CP versus diagrams

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CP versus diagrams

Postby Pathfinder » May 21st, 2007, 8:25 pm

2nd time trying to post this.

I recently found out that a few artists/creators are not doing diagrams but have made CPs. I'm not at all happy about this tragic turn of events as being a begginer I rely heavily on that diagram.

So I have a few questions.

If someone puts out a CP, can another person figure the CP out and then create his own book of diagrams, legally or place a diagram of it on the internet? Or just pass it along to friends or whatever?

How would I know if when buying a book I am getting diagrams or CP's? I'd hate to end up with $50 worth of CP's when I need diagrams.
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Postby origami_8 » May 21st, 2007, 9:06 pm

I´m not aware of an Origami book that only consists of CPs. In some advanced books CPs are given as special bonus, often accompanying diagrams. Also it´s very unusual that someone makes diagrams for someone elses CPs, mostly because its a lot of work to draw diagrams. In any case, it would be good manners to ask the author first if you´re allowed to publish such diagrams, either on the Internet or in a book.

CPs are a good way to give people the chance to fold designs that otherwise would never get published because drawing diagrams would be too time expensive and often isn´t possible in a good way (like most boxpleated CPs). Also folding after CPs expands your knowledge about the underlying structures of Origami models and helps getting further in Origami than would be possible without this knowledge.
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Postby Joe the white » May 22nd, 2007, 12:51 am

Its not quite as bad as you think. Most models that are CP only are those that are complex/super complex. Its not that the designers are lazy or anything, but a CP is an efficient method of getting out their design which may otherwise remain unpublished, though only available to a limited number of folders that can recreate the design. Even with that mentioned, few origamists get to the complex level. They're mostly for extremists and new age designers.

As for copyright, there isn't a respectful or legal way to produce a diagram (or CP, etc.) for uses other than your own without permission from the author first. We have seen both sides of this before, and being disrespectful doesn't end pretty...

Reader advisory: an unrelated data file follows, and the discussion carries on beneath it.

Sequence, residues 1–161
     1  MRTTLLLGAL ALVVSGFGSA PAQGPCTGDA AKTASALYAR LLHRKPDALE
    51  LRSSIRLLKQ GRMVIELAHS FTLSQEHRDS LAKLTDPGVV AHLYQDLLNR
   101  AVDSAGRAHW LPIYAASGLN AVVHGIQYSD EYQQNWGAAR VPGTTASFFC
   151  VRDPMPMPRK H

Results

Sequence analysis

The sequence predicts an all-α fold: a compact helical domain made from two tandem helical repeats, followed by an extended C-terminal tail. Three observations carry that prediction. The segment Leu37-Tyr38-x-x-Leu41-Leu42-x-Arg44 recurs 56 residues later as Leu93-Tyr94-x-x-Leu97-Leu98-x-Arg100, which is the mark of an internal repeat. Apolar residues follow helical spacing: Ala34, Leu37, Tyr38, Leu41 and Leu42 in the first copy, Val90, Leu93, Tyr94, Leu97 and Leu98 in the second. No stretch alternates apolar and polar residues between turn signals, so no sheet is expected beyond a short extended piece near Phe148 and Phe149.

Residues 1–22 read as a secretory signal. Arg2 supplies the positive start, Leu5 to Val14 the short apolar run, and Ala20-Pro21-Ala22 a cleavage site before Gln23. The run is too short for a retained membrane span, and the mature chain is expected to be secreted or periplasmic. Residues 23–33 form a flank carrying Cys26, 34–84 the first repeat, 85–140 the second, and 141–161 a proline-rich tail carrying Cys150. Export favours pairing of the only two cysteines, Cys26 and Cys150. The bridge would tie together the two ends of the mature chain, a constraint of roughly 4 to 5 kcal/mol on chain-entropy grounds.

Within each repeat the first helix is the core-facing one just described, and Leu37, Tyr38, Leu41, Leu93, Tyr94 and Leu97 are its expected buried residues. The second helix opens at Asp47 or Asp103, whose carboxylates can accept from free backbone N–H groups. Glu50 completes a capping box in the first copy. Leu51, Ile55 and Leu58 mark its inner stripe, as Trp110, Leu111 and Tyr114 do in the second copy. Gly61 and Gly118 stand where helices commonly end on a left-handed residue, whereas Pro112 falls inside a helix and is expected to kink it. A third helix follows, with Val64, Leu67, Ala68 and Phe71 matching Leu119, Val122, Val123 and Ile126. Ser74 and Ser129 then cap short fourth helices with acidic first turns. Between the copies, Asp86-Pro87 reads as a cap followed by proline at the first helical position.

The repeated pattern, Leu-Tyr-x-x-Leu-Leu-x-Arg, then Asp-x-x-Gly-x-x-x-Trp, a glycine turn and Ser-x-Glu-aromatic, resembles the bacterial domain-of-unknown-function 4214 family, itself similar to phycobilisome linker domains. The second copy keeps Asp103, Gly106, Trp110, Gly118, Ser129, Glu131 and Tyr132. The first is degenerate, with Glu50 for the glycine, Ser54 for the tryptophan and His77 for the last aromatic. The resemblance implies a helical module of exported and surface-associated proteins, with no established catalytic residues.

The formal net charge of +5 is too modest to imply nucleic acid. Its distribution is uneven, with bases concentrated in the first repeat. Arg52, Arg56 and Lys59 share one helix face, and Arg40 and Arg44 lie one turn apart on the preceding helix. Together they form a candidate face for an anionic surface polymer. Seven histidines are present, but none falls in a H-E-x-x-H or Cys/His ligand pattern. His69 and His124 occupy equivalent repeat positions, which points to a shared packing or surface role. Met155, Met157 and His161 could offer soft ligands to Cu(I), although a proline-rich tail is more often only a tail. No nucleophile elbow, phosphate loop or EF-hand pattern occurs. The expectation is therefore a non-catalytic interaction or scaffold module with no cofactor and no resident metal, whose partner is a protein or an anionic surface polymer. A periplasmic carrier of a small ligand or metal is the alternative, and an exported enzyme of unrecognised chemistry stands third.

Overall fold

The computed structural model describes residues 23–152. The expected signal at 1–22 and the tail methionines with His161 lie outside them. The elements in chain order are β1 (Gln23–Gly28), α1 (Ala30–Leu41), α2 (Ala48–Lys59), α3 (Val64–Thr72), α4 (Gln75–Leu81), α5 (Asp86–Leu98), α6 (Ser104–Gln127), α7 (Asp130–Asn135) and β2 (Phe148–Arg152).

There are few books that feature CPs, even lightly, due to the nature of few people being able to fold them. One book that comes to mind is Origami Design Secrets, but its very relevant to its topic as well as containing a healthy dose of diagrams.
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Postby Cupcake » May 22nd, 2007, 2:25 pm

Also, some CPs don't even have a certain pattern. So if someone were to make diagrams for it, it might end up like "Step one: precrease Step two: collapse everything at once", which wouldn't be very handy.
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Postby Fishgoth » May 22nd, 2007, 6:30 pm

For the most part, crease patterns are complex or supercomplex models. So, if you are folding from a crease-pattern, then this model already is at the extreme end of technical abilities for most folders.

To fold a model using a crease pattern alone, you need to be a gifted folder.

So, I might even argue, if you can't figure out a model from the crease pattern, then even if you had diagrams, you would find the model too hard to fold anyway!

I'm not saying that folding crease patterns is easy - sometimes a komatsu CP will take even me* days to figure out. However, they are really only a tool for accomplished folders. If you can get through Lang's Origami Insects and their kin (the most easilly obtained super-complex book), they you can probably manage most crease patterns.

*I am dead brainy.
I once set up an origami PLC. But the business folded.
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